\"Eric

Eric Eoin Marques, believed by the FBI to be the "“largest facilitator of child porn on the planet” leaving court in Dublin. Photo by: Irish Times.

No Irish prosecution for man named as world’s largest child porn kingpin

\"Eric

Eric Eoin Marques, believed by the FBI to be the "“largest facilitator of child porn on the planet” leaving court in Dublin. Photo by: Irish Times.

Irish authorities will not prosecute Eric Eoin Marques, who is wanted on four charges of distributing child pornography. His extradition to the U.S. is sought by the FBI, but it is unclear whether Ireland will hand him over.

Marques has been called the “largest facilitator of child porn on the planet” through hosting sites on the “dark” internet.

Marques is accused of running Freedom Hosting, which uses anonymizing tool Tor, to create dark internet sites. Forums hosted by Freedom Hosting allowed users to anonymously share child pornography.

In November, the 28-year-old dual U.S.-Irish national said he would plead guilty to a series of charges under Irish law. Ireland’s Director of Public Prosecutions (DPP), Claire Loftus, has said that she will not bring proceedings against him in Ireland. She has not explained her decision.

Marques, who has no criminal history, would have faced a maximum 14 year sentence, which would be significantly reduced by his early guilty plea, in Ireland. In contrast, he faces a total of 100 years if found guilty in the U.S., according to the FBI. The U.S. sentence is equivalent to four life sentences in Ireland.

In the U.S. each charge is punished by a sentence of between 20 and 30 years and the sentences run consecutively. In Ireland the sentences run concurrently.

Marques’ lawyers are expected to argue that the U.S. sentences for similar charges are too harsh in comparison with Ireland’s. In addition, the Justice Minister can refuse an extradition hearing where the DPP has decided not to bring proceedings against the accused.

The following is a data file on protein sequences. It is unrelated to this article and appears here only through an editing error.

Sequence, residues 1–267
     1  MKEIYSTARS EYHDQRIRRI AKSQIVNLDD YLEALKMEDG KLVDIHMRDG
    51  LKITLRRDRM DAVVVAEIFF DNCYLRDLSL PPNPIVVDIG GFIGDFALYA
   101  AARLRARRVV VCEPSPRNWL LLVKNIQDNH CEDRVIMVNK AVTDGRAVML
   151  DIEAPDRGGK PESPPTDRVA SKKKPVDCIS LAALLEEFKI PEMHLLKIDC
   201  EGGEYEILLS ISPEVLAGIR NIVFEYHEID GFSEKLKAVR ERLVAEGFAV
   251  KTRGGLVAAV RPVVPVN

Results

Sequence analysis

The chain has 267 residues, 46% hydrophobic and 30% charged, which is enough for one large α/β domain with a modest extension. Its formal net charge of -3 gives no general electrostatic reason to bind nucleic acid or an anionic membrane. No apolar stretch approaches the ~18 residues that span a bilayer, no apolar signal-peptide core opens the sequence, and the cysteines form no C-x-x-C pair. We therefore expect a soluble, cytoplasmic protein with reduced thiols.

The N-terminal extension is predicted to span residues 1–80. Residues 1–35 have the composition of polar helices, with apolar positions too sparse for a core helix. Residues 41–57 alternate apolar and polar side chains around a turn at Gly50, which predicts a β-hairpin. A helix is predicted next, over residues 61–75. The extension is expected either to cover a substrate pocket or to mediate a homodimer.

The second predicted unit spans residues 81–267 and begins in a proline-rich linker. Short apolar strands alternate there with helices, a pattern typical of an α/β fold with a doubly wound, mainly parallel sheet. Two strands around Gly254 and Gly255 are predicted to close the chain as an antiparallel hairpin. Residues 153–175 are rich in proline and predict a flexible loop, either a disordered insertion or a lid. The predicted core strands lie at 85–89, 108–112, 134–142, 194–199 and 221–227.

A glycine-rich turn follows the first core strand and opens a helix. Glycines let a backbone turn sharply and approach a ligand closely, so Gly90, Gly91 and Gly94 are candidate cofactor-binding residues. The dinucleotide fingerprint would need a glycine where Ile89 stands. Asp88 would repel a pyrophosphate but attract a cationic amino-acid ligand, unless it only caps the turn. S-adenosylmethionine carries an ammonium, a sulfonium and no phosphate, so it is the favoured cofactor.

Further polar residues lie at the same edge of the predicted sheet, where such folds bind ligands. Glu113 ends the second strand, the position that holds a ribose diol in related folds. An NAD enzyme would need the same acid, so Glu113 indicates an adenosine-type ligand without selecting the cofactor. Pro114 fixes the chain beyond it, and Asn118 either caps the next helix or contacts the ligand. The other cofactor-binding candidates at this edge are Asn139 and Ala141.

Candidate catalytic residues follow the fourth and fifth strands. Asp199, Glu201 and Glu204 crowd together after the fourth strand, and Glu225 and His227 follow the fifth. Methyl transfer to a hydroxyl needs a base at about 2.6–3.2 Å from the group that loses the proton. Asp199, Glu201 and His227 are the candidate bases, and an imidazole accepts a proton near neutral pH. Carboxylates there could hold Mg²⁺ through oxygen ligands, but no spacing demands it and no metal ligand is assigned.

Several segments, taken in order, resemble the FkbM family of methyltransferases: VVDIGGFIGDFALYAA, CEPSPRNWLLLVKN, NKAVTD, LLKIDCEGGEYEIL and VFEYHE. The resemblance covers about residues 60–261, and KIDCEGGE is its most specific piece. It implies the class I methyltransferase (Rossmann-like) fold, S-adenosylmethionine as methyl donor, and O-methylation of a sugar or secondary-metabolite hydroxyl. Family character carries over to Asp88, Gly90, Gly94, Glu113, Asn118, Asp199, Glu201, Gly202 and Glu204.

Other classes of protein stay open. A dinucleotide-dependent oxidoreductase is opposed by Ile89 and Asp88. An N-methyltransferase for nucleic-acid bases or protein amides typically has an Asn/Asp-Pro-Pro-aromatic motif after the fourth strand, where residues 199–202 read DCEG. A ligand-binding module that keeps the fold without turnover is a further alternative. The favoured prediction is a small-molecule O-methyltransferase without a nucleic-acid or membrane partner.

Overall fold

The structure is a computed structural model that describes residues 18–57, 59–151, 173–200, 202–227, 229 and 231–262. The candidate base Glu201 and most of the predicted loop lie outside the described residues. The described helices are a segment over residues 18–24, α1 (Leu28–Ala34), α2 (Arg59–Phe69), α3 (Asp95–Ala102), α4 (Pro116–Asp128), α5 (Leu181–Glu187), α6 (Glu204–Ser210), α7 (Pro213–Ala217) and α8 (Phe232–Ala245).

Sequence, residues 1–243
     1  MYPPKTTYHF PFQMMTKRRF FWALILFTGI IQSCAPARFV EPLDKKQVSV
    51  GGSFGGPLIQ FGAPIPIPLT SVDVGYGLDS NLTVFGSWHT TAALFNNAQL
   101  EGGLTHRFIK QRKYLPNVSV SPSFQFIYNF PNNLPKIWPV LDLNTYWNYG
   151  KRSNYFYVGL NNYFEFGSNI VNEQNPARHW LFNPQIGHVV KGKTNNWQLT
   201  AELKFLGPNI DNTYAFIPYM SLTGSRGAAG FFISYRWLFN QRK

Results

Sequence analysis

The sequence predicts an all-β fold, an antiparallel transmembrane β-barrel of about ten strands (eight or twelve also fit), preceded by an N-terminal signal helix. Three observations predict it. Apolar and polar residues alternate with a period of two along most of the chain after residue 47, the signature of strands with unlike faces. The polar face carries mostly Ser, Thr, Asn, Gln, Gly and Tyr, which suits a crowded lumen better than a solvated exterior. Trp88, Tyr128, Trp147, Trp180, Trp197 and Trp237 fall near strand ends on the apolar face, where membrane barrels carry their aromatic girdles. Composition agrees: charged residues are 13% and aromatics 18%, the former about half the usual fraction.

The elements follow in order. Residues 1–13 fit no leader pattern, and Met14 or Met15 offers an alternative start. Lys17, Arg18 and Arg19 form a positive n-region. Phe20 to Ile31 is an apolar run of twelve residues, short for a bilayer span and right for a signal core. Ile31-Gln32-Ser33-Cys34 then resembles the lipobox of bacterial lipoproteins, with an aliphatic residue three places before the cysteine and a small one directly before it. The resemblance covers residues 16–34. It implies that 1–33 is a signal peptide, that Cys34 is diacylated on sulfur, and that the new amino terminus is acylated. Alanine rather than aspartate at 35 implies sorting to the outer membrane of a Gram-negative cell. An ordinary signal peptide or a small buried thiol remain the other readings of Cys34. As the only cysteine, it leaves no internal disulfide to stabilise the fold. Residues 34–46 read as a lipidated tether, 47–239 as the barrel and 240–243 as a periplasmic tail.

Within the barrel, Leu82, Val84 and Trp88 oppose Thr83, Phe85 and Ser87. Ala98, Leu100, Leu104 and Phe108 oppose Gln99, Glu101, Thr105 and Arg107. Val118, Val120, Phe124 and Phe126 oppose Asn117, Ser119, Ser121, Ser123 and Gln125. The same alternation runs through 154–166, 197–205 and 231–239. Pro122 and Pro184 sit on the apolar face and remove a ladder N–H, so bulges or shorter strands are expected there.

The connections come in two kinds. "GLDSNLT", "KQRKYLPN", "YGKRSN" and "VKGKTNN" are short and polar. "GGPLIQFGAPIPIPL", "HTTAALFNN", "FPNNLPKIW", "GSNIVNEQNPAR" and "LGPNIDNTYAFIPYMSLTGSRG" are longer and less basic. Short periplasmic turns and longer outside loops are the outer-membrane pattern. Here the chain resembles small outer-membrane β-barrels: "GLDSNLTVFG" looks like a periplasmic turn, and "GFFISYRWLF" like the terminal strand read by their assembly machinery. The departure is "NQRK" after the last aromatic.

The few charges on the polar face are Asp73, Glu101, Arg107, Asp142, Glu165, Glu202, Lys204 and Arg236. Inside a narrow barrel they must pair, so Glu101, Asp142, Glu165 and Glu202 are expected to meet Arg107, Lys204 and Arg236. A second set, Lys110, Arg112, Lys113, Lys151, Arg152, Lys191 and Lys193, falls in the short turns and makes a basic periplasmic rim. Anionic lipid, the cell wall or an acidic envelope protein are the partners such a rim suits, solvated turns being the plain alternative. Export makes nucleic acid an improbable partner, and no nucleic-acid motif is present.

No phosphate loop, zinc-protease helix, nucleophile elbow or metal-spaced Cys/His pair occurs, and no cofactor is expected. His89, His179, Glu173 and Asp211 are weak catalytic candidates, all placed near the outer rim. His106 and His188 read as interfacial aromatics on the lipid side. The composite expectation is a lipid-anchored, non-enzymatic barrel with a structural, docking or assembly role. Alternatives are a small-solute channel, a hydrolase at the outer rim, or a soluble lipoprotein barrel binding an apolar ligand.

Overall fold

The extradition hearing is expected to be held early next year. 

Marques was arrested at his Dublin home in August 2013 on four charges of distributing and promoting child pornography. He was denied bail and is considered a “flight risk” by the Irish police and the FBI. In November he appeared before the High Court, which heard that large payments had been transferred to accounts in Romania. His computer’s browser history revealed that he had searched for information on Russian visas.

His arrest coincided with the disappearance of many “hidden services” on the anonymous network Tor. Tor uses an ‘onion’ system to hide its members’ IP addresses from the police, which makes it almost impossible to identity the physical location of the culprit. Tor also protects its users from traffic analysis.

COMMENTS

Log in with your social accounts:

Or, log in with your IrishCentral account:

Forgot your password ?

Don't have an account yet? Register now !

Join IrishCentral with your social accounts:


Already have an account ?

For Newsletter Subscribers – Draw for 1 Prize on December 31st.

Prize: Your Piece of Ireland – a Square of Land in the heart of the Glens of Antrim, Ireland

More details here (or you can buy a little piece of Ireland directly): http://bit.ly/1zew9ox

Terms & Conditions

Or, sign up for an IrishCentral account below:

By clicking above you are indicating that you have read & agree to our Terms and Privacy Policy.


Make sure we gathered the correct information from you

By clicking above you are indicating that you have read & agree to our Terms and Privacy Policy.


You already have an account on IrishCentral! Please confirm you're the owner.


Our new policy requires our users to save a first and last name. Please update your account: